Five Poems

Translated by Alberto Manguel

From Poesía Completa.
Edición a cargo de Ana Becciú
(Lumen: Barcelona, 2001)


In the night by your side
words are clues, are keys.
The wish to die is king.

Let your body be forever
beloved space of revelations.

On Your Birthday

Receive this face of mine, imploring, tongue-tied.
Receive this love that I beg for.
Receive what is in me that is you.


Someone enters the silence and abandons me.
Now loneliness is no longer alone.
You speak like the night.
You announce yourself like thirst.


Tiny lady
living in the heart of a bird
comes out at dawn to utter one syllable

Being There

To watch from this room
where the fearful shadow is yours.

No silence in this place
but sentences you will not hear.

Signs on the walls
tell of the lovely faraway.

(Let me not die
before seeing you again.)


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Two poems

Snake in a bottle

Scaly and preserved in pink meths,

in a glass specimen bottle with a brass top,

the snake is marked by the stick

with which my father beat it,

in the moonlit hill

on that moonlit night.

He gave it to me.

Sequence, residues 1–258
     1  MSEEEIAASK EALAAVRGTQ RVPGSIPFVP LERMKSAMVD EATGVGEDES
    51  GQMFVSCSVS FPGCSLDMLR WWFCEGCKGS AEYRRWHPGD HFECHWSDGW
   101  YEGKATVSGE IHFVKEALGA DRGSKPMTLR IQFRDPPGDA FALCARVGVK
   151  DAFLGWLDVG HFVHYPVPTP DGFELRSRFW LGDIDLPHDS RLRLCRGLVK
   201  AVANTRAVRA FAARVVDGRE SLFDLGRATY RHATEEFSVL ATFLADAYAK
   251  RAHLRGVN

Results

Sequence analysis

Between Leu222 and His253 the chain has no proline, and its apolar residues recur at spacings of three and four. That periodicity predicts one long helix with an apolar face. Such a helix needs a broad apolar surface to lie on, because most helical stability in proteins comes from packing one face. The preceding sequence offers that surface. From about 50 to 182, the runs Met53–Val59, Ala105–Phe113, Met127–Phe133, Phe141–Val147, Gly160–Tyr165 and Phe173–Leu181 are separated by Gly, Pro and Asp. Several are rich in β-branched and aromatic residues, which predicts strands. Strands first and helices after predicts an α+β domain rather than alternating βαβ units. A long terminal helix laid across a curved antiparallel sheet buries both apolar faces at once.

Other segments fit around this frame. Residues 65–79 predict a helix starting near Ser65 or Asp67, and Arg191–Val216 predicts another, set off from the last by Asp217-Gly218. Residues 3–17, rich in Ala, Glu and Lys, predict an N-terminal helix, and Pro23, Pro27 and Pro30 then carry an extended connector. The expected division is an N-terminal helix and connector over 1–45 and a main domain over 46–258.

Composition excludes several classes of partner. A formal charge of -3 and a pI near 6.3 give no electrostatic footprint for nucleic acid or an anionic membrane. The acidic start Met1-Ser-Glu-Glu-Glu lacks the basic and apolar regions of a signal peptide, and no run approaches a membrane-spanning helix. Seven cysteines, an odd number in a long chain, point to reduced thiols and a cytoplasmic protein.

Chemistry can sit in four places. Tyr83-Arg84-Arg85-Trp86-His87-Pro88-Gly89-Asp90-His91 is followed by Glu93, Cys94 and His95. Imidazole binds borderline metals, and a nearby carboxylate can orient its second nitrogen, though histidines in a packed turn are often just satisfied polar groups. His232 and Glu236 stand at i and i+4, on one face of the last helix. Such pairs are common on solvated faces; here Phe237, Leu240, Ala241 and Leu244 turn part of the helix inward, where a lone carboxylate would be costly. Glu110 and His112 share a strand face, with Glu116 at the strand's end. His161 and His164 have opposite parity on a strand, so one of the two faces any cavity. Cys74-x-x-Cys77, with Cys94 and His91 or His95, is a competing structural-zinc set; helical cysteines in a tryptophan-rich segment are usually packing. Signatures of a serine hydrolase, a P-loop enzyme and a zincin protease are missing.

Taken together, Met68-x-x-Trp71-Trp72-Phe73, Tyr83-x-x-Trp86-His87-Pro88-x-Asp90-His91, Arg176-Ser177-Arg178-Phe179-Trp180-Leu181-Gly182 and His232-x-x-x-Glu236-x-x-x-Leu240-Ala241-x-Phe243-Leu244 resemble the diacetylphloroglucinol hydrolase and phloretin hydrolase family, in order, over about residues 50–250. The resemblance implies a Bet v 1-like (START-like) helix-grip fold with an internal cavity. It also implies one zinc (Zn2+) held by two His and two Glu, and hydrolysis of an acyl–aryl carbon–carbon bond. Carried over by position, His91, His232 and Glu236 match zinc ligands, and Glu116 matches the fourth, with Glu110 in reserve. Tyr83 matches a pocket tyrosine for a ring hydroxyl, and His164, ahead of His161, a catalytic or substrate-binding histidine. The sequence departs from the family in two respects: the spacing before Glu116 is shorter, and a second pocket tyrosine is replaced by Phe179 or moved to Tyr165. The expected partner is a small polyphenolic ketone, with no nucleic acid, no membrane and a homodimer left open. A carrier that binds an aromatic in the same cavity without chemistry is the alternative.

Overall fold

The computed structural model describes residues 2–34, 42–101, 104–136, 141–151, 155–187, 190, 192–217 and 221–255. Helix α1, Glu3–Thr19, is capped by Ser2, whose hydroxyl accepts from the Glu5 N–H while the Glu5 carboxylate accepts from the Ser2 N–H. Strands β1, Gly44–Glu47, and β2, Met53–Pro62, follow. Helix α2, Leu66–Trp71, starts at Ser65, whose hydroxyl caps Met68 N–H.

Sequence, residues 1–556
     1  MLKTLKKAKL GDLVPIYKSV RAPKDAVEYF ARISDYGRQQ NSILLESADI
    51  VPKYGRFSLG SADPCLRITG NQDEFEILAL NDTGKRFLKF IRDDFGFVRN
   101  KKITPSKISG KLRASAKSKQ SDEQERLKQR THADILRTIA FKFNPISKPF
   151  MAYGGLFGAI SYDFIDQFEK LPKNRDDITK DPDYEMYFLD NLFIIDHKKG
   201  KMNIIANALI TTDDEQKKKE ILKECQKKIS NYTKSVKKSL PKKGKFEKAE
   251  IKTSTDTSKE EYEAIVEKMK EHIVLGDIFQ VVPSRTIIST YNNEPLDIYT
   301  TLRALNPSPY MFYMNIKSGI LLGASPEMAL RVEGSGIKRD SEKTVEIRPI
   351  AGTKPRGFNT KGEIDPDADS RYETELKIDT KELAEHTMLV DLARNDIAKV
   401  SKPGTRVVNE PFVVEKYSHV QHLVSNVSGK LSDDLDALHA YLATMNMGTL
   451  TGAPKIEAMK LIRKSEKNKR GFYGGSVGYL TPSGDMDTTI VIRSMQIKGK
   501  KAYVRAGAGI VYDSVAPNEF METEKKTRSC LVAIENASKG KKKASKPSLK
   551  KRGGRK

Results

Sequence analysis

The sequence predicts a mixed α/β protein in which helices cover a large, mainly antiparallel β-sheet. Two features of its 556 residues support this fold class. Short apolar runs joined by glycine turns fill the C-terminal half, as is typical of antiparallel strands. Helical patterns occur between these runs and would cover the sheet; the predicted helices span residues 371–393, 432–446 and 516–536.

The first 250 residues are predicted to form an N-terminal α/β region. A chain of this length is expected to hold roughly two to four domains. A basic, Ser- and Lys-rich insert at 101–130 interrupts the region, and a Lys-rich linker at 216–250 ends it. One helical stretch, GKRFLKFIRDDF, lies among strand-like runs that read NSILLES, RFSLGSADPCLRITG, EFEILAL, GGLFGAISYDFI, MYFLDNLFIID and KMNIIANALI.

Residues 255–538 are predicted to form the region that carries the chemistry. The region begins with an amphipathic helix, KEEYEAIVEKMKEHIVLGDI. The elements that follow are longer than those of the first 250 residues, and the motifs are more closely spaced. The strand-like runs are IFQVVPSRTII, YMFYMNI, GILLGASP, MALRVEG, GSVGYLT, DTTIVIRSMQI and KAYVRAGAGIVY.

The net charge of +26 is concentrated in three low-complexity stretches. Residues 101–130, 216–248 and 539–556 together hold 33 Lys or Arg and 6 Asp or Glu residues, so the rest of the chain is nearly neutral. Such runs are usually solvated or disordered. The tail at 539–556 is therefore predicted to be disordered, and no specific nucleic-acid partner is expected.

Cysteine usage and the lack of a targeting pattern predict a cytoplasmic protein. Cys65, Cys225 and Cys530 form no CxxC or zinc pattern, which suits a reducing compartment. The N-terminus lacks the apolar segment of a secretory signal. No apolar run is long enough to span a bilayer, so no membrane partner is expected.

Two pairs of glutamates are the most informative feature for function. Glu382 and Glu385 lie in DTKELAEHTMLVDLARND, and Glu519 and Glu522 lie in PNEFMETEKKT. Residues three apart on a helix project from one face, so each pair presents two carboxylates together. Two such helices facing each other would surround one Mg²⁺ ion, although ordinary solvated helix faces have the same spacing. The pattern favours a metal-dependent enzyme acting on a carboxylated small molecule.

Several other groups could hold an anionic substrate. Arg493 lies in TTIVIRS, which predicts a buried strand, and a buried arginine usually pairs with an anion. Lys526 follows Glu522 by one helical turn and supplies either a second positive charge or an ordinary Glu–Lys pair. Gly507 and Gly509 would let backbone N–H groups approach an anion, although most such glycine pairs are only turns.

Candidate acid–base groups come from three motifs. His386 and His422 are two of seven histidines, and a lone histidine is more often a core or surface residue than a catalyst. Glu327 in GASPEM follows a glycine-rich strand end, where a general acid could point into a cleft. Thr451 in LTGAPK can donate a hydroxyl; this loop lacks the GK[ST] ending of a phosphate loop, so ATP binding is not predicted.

Your prize, he said.

It’s a house snake, he said.

Ever mindful of accuracy,

and terminology,

and of schooling me,

he borrowed Fitzsimmons Snakes of South Africa,

from the public library in Market Street;

wanting to be sure that we had our facts right,

my father.

It’s a grass snake, he said.

I took his word for it, of course.

Until my cousin, nine years older,

came from America.

He saw the snake, in pride of place on the mantel;

after all, it still contained my father’s temper.

He lifted up the coffin, clear and pink after 40 years or more.

Smiling, he lowered his voice

so that my children couldn’t hear.

It’s a mamba, you know.

Tea in a glass

Zeida made tea in a glass

with a Russian silver holder;

swirled the leaves

in an already warmed pot;

used a strainer to prevent strays;

sliced pungent lemon

to lighten cinnamon water

to palest saffron;

added delectable honey

with a long-handled spoon;

lumped sugar in his cheek;

suctioned sweet liquid

through his lips

and sighed,

Ay a maichl

What a miracle!

Another world

from the herring brine

of home.

Hazel Frankel teaches English and Art and has just completed the MA in Writing at the University of the Witwatersrand. Besides writing, her passions are painting and calligraphy, formal and experimental. She lives in Johannesburg with her husband and has four children and two grandchildren.

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